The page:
In 1908, the most popular athlete in America was a wrestler from Humboldt, Iowa, named Frank Gotch. Teddy Roosevelt hosted him. Toys and buildings and farm implements were named after him. Bert McGrane, one of the nation’s best-known sportswriters, wrote, “The sports world never has known his equal.”
Just the same, I’m guessing you’ve never heard of Frank Gotch.
Mark Cuban would have you believe that, one day, the same might be said of Peyton Manning.
Cuban predicted in the halcyon days of 2014 that the NFL was “10 years away from an implosion,” and this week he confirmed that his prognostications are right on target.
Here’s another prediction: The NFL will not only be alive and doing just fine in 2024, it’ll still be the No. 1 sport in America.
No, its ratings won’t be as good. Participation will continue to decline, and CTE problems won’t be resolved, either. These are legitimate concerns. Health issues, in particular, will continue to be a topic in this corner of your sports section.
Even so, the NFL will still lead all pro sports in TV ratings, and there will still be enough talent to stock NFL rosters.
Most of the commentary on the NFL’s fading popularity is driven by declining TV ratings. Readers tell me all the time that, because of the anthem controversy, they’ve sworn off the NFL. And that’s no doubt a contributing factor.
Still, ratings were in decline before Colin Kaepernick took a knee. The issues are over-saturation, namely, idiotic ideas like games on Thursday nights; cord-cutting among young viewers, many of whom get their fantasy stats off their phones; and the simple fact that there’s so much more to distract us than there used to be.
As an Atlantic piece pointed out this fall, it’s not just the NFL. Ratings are down for everything except cable news. President Trump can, indeed, take credit for that development.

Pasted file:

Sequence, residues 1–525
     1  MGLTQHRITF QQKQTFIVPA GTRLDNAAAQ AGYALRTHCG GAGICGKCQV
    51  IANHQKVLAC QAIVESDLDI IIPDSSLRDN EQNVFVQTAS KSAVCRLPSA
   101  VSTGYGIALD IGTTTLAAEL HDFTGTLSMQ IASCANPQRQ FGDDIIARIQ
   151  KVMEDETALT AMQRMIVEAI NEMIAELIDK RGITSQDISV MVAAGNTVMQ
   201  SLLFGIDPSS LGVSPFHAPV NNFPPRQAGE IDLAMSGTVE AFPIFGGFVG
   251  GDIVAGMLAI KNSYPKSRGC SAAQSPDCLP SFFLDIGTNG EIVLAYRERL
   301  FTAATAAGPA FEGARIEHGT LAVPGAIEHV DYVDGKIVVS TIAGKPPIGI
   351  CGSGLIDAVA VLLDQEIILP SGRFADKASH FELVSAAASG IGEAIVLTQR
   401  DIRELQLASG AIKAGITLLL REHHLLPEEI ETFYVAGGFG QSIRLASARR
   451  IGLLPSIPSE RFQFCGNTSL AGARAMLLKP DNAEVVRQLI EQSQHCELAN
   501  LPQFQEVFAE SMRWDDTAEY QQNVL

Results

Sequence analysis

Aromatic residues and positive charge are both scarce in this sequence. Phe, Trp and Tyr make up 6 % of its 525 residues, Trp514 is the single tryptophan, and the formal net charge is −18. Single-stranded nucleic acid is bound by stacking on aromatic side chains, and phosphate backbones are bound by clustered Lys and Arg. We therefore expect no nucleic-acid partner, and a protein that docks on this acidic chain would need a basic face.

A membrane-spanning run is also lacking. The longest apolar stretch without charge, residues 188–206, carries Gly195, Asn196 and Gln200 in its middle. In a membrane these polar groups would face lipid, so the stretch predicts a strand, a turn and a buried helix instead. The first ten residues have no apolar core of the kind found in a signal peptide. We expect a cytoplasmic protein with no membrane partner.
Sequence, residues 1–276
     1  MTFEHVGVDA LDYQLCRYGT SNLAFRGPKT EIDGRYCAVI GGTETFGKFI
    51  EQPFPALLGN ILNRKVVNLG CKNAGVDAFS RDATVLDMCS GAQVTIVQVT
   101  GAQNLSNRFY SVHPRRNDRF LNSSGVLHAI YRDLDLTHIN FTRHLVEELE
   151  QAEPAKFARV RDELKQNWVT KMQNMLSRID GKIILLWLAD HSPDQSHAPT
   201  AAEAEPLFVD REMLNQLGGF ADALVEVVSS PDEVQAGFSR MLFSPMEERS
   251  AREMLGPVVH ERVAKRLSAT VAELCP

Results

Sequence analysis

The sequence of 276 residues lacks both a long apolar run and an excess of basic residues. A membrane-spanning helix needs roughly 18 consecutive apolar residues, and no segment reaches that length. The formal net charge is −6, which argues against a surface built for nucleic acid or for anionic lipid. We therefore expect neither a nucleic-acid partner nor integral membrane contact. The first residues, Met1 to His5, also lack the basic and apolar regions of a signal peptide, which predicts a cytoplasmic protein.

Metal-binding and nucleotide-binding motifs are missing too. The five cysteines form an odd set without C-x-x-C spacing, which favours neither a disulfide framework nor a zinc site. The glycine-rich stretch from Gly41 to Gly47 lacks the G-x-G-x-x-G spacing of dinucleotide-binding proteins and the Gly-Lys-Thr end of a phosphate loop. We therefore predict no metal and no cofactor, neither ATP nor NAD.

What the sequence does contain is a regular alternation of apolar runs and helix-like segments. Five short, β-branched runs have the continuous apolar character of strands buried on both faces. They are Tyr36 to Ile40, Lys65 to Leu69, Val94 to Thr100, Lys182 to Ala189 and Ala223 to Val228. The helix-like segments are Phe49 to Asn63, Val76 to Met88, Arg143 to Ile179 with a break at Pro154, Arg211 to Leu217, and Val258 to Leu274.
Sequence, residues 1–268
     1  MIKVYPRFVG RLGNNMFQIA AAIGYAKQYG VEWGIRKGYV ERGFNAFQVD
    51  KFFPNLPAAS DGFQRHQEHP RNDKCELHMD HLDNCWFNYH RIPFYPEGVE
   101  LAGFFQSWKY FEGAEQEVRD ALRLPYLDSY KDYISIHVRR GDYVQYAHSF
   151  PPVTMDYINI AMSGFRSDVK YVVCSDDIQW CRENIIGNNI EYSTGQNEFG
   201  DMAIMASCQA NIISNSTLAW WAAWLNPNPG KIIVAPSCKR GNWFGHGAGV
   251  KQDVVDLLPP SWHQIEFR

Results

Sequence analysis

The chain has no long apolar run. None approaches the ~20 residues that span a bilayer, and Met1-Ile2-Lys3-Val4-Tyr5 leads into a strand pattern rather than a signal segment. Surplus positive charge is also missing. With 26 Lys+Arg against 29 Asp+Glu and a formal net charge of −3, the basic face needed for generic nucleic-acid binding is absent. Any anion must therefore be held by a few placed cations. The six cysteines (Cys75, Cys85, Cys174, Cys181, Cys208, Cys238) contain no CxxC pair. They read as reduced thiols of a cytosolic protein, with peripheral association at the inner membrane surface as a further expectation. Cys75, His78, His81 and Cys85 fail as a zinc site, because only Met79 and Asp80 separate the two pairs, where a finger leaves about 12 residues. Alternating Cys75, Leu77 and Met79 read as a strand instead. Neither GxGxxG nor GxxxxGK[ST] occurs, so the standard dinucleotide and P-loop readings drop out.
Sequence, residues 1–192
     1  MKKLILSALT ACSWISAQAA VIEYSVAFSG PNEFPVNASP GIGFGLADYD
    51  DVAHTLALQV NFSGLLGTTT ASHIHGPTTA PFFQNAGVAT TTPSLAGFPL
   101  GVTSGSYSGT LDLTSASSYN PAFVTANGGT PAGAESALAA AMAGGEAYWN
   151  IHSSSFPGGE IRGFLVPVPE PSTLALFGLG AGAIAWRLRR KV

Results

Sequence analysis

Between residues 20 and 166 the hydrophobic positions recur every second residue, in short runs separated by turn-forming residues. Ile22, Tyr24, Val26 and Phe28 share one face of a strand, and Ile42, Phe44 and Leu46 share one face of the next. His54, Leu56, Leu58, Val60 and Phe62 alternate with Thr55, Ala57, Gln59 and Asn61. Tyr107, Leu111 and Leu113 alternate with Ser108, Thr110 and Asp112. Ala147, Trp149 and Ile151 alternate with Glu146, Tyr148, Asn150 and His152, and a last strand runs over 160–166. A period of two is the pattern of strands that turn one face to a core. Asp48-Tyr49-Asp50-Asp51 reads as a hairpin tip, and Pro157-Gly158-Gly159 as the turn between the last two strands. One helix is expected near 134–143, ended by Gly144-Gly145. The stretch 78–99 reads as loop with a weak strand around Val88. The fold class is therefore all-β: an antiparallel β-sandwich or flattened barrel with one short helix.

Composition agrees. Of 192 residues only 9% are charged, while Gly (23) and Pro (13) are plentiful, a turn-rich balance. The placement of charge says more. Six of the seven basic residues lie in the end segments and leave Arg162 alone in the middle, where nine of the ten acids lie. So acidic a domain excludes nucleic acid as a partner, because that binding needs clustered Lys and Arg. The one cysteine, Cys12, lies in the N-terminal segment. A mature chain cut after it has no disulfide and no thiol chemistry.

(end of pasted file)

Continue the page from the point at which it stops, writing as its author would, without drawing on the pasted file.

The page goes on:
Look, this is no public relations campaign from an NFL apologist. Given the choice, give me a college football game. But Cuban’s reaching when he promotes this notion of an NFL Armageddon.
Can NFL owners continue to make money like they have? Probably not. Will they have to stop charging $60,000 for seat licenses and $100 for parking? Probably so.
Will Jerry Jones’ heirs look back fondly on the days when they printed money?
Just remember: NFL owners have the advantage of the weakest union in pro sports. College football provides the NFL the most ready-made supply of talent in any sport. NFL teams play in stadiums that will last generations.
Sure, the NFL’s popularity will fade. Sports are cyclical. Before pro wrestling went to costumes and makeup, Frank Gotch headlined one of the most popular sports in America. And it was dying even before Gotch’s death at 40 in 1917.
The arc of the NFL’s popularity will stretch considerably longer. Think on the scale of global warming, even if you don’t believe in it, either.
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